With many similarities to Simjacker, WIBattack takes advantage of Wireless Internet Browsing apps operating on SIM cards by sending a particular binary SMS. This is known as an OTA SMS and it will carry out STK (SIM Toolkit) instructions on targeted SIM cards. WIB apps support commands such as to get location data, start call, send SMS, send SS requests, send USSD requests, launch a web browser with a specific URL, display text on the device, and play a tone. WIB commands contained within malicious OTS SMS messages are sent to the target’s phone. When the message is received that commands are sent to the SIM card. PROACTIVE COMMAND is sent to the victim’s phone as a response from the WIB. Once this is completed, an attacker will have the ability to track the targeted phone, send texts or make calls to any number, and listen in on private conversations. With hundreds of millions of devices likely operating with a SIM card that has a WIB app, this could put a large number of people at risk.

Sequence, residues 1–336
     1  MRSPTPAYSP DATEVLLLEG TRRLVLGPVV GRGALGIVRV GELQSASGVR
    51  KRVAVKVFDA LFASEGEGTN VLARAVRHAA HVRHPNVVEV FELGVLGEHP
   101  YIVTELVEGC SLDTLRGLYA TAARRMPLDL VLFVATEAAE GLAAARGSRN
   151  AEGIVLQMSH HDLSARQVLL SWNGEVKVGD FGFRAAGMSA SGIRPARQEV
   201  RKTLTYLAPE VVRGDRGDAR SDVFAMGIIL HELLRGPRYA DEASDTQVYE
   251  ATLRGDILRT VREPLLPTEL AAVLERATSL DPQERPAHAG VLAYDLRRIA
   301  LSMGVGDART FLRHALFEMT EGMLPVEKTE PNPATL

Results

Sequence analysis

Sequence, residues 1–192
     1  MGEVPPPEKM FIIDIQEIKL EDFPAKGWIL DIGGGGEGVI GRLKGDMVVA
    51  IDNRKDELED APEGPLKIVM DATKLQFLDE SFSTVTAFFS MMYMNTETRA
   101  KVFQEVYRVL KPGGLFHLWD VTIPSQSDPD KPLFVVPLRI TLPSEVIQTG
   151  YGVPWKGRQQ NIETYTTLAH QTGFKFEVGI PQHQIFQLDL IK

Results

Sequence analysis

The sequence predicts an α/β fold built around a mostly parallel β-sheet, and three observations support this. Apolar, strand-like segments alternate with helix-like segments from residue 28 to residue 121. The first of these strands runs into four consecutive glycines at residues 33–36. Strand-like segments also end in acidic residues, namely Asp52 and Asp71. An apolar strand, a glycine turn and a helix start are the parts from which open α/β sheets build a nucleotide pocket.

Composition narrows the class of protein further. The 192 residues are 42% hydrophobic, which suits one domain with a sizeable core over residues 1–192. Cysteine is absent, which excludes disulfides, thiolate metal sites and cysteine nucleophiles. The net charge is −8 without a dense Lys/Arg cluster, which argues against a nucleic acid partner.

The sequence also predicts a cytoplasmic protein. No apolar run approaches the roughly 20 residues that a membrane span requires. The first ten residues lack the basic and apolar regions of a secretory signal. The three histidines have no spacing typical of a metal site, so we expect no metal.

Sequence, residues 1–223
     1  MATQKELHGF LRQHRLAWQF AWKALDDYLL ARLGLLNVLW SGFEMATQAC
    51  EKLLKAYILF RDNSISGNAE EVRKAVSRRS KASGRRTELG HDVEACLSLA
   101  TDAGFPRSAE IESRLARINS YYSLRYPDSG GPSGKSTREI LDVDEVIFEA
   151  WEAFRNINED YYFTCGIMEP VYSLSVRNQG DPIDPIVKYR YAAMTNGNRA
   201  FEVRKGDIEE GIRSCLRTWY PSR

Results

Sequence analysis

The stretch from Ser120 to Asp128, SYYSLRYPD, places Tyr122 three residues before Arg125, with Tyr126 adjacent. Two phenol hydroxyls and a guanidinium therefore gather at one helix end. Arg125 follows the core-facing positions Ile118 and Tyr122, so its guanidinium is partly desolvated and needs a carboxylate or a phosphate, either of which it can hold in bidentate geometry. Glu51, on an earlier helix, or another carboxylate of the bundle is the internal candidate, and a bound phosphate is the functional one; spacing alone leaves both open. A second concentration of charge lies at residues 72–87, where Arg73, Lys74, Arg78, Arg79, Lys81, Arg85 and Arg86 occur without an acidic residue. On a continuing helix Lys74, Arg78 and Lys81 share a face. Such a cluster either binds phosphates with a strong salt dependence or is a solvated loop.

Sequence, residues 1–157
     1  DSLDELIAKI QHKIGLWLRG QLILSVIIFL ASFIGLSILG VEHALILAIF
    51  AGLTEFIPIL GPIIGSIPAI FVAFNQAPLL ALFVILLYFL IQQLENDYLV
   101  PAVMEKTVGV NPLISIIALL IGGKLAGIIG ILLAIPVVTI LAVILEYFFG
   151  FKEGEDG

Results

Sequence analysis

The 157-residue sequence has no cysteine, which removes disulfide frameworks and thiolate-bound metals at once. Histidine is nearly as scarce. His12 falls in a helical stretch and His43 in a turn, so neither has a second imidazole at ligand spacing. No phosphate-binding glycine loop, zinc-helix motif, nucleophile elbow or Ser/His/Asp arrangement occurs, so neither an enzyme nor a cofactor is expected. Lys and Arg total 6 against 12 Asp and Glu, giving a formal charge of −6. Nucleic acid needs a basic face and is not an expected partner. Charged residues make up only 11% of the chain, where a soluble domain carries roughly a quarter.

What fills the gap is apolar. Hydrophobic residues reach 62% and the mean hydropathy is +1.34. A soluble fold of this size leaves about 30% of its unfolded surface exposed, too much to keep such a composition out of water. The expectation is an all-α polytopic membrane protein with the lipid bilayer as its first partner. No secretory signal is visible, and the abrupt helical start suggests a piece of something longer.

Users should test their SIM cards with applications such as the SIMtester app. This will be able to tell if the SIM card is vulnerable and how such vulnerabilities can be mitigated.